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When it comes to financial technology and financial services innovation, the banking industry is still evolving. Banks are modernizing, fintechs are adapting. We’re unquestionably somewhere in the middle of a kind of banking evolution. Whether we’re looking at technology, legislation, or even banks and other industry players, one thing is consistent: Things are changing. Even how we talk about different banking technology and different banking business models is changing, as the industry defines and then refines banking models and frameworks that leverage application programming interfaces (APIs) as a means of integrating banking services into new platforms. When we experience change that is indicative of any kind of evolution, though, it’s a little hard to ignore the concept of natural selection.
This state of change—or the idea that we’re experiencing an industry in flux—doesn’t just apply to the banking industry here in Canada, either. It’s most apparent when we look at other jurisdictions around the world. We see it clearly in places like the UK, Europe, and Australia. In some of these jurisdictions, once struggling fintechs are now competing head-on with banks. Some of those fintechs have even mutated, adapting to the regulatory frameworks that once contained them and acquiring banking licences to become fully regulated banks on their own. In an industry where consumers were once served primarily by big banks, there are now innovative new players like competing fintechs, neobanks, and challenger banks.
These jurisdictions have adopted entirely new banking models, and they have taken legislative steps to reform data protection and improve consumer data rights in order to promote change and innovation in the financial services space. Collectively, we call it open banking—an API banking framework that’s intended to promote market competition and consumer choice and ultimately give consumers more control of their financial data. In Canada, we’ve been asked to call it consumer-directed finance. In wider industry discussions about the future of open banking, we forget the regulatory enablement aspect of it altogether and call it, more broadly and more inclusively, open finance. Although there are subtle but important differences between each of them, open finance is generally seen as the next step in open banking, offering consumers access to a broader range of financial products and services.
These aren’t the only significant changes in our current evolution of banking.
Another banking business model driving change and innovation is Banking-as-a-Service (BaaS), an API banking model which provides non-banks with a foundation for white-label banking and embedded finance. Banking-as-a-Service can even provide traditional banks with the opportunity to quickly launch entirely new digital banks.
With multiple competing API banking business models in the industry, is there any evidence that one of them may be more effective or more viable than another? While open banking seems to require more regulatory guidance and regulatory enablement, including data privacy reform, Banking-as-a-Service is already proving to be a market-driven solution to innovation in financial services—even here in Canada. After all, Banking-as-a-Service has the potential to increase consumer choice in the market with the added benefit of adhering to the current regulatory environment.
As API banking models mature, is it possible Banking-as-a-Service will emerge as a sufficient market-driven solution to innovation in financial services? Is it possible that Banking-as-a-Service is a better model for our industry than open banking? If adopted by our big banks, could Banking-as-a-Service even provide enough innovation to destroy open banking?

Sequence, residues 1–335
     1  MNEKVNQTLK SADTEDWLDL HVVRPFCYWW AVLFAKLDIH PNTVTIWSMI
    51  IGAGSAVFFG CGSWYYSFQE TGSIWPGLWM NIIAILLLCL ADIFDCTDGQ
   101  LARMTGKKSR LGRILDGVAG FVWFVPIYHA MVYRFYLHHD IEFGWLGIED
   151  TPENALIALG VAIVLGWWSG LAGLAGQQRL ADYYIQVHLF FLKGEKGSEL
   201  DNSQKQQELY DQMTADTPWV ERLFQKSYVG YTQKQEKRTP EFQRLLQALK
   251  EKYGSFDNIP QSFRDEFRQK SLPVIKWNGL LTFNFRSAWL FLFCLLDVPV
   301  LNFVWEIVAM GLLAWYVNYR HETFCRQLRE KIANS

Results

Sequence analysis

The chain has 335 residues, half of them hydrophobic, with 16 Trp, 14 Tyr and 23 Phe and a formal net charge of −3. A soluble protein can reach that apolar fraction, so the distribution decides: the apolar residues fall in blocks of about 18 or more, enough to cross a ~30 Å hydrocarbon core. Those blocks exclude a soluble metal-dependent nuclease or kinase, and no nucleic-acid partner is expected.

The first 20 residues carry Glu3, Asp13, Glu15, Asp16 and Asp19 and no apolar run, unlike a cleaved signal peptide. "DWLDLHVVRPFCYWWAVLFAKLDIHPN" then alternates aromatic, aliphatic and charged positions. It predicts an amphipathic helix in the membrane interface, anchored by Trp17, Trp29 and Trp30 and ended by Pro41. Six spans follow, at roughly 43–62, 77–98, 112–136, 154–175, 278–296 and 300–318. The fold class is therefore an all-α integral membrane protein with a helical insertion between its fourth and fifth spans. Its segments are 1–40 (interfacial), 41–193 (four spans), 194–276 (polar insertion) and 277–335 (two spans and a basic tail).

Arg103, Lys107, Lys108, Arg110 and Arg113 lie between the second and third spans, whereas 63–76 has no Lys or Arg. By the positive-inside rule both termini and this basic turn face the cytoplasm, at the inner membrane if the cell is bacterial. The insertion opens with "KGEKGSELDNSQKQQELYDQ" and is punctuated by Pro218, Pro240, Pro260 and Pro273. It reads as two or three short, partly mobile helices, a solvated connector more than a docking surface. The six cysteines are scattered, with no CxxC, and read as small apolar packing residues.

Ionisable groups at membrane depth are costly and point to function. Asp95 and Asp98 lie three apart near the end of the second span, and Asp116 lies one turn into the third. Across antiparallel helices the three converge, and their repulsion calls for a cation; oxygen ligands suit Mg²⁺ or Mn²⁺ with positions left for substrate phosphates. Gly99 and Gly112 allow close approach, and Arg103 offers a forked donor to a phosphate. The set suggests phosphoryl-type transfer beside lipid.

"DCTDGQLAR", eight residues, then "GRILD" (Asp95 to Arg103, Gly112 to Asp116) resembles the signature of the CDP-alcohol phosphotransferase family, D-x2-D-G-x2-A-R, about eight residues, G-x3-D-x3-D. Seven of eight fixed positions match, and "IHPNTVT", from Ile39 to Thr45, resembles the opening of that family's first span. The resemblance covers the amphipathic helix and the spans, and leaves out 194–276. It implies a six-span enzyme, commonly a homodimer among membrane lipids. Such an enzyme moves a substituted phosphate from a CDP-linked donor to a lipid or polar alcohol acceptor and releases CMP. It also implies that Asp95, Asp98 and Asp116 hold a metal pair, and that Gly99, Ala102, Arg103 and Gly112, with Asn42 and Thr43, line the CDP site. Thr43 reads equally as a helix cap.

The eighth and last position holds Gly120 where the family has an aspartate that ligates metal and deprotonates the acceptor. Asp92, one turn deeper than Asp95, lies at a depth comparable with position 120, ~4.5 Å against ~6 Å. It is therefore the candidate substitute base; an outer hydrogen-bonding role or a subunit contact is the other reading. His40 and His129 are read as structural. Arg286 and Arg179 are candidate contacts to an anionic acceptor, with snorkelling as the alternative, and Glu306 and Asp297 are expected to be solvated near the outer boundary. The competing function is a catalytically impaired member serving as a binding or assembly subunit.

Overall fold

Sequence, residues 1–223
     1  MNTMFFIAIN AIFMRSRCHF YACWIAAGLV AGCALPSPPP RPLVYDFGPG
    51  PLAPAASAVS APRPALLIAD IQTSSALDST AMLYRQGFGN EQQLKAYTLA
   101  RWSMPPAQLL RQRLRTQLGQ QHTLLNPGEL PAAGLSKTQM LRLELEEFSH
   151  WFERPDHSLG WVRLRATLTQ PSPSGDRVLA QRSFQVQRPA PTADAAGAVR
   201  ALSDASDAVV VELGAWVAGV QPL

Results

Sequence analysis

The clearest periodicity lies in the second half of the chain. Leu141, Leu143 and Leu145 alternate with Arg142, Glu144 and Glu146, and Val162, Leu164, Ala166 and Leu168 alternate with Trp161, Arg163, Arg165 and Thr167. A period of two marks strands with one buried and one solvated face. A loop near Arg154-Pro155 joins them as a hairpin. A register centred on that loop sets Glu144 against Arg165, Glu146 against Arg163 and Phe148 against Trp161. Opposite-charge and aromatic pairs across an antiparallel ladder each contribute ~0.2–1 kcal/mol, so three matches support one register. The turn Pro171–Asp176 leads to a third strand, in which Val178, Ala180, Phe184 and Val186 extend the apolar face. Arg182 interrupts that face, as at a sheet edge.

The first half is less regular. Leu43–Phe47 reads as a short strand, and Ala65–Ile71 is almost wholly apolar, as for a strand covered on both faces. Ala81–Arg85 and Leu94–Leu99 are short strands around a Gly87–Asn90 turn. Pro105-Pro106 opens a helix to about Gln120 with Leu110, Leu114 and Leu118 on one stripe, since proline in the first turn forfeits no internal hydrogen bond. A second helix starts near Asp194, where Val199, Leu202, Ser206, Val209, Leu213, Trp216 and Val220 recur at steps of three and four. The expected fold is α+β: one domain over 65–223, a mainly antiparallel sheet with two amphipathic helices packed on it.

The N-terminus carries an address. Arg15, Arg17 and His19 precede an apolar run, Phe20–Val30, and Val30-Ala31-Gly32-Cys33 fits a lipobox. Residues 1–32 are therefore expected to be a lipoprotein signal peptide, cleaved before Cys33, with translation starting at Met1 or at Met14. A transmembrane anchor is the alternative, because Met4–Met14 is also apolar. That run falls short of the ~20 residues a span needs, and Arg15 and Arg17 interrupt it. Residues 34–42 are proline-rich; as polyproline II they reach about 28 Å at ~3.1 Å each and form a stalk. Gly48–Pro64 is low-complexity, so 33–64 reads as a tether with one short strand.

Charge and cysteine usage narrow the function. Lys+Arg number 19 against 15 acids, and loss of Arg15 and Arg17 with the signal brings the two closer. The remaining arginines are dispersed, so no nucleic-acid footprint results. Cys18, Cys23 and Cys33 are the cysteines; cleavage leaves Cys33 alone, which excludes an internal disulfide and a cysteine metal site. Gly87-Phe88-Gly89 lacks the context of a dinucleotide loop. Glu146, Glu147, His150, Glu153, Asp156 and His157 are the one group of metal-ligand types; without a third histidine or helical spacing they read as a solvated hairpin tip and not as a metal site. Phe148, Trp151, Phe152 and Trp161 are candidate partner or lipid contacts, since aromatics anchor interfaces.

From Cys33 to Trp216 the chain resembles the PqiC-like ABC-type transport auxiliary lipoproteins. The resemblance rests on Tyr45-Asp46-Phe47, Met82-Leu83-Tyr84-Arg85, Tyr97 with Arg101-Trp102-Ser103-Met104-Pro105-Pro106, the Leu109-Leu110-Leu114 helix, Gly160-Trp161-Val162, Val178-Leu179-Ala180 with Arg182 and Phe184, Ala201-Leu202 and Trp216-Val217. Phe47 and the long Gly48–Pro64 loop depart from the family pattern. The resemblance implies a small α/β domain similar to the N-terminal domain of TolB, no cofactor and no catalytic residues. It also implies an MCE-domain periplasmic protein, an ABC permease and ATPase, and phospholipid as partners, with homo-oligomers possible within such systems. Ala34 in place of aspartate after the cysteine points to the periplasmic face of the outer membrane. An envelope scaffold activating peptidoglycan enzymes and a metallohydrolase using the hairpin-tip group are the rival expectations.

Let’s Look at How Starling Bank Leverages API Banking to Both Stifle Innovation in Open Banking & Take Over the World
Without a doubt, these are contentious questions to ask—especially here in Canada, as we prepare for the proposed January 2023 launch of consumer-directed finance. These questions are ultimately rooted in a recent dispute between Starling Bank’s CEO and founder, Anne Boden, and a collective group of fintech founders in the UK.
In case you missed it, Starling Bank plans to begin its takeover of the world in 2022. According to a recent blog post by the challenger bank’s CEO and founder, Anne Boden, the UK-based fintech company will pursue plans to offer its Banking-as-a-Service solution to banks around the world in 2022, promising licensed banks the opportunity to build their own digital bank on top of Starling’s technology—and launch it within a matter of months.
From the Starling Bank blog:
“As we enter the new year we’re embarking on a new phase, starting with the launch of our Software as a Service, or SaaS, proposition, taking Starling’s software to banks around the globe.
With SaaS (or Starling as a Service, as we like to call it) we will offer our partners the benefit of Starling’s advanced technology to use as their own. If a bank wants a digital bank, they can have one up and running in months with Starling’s SaaS offering. It will be their licence, our technology” (Boden).
Starling Bank’s SaaS offering would essentially provide banking partners—particularly licensed banks outside of the UK—with access to Starling Bank’s software and technology stack, effectively providing those banks with a packaged Banking-as-a-Service SaaS solution for launching a new digital bank.
While many banks are continuing to focus on core platform modernization initiatives and moving their infrastructures to the cloud, launching an entirely new digital bank has proven to be another viable alternative for getting to market with a modern platform. Although the approach still doesn’t provide a comprehensive solution for the problems many banks are facing with current legacy technology and business processes, it does offer banks and financial institutions the potential opportunity to launch a separate business built on a modern banking platform that could potentially provide the digital services and experiences that consumers now expect.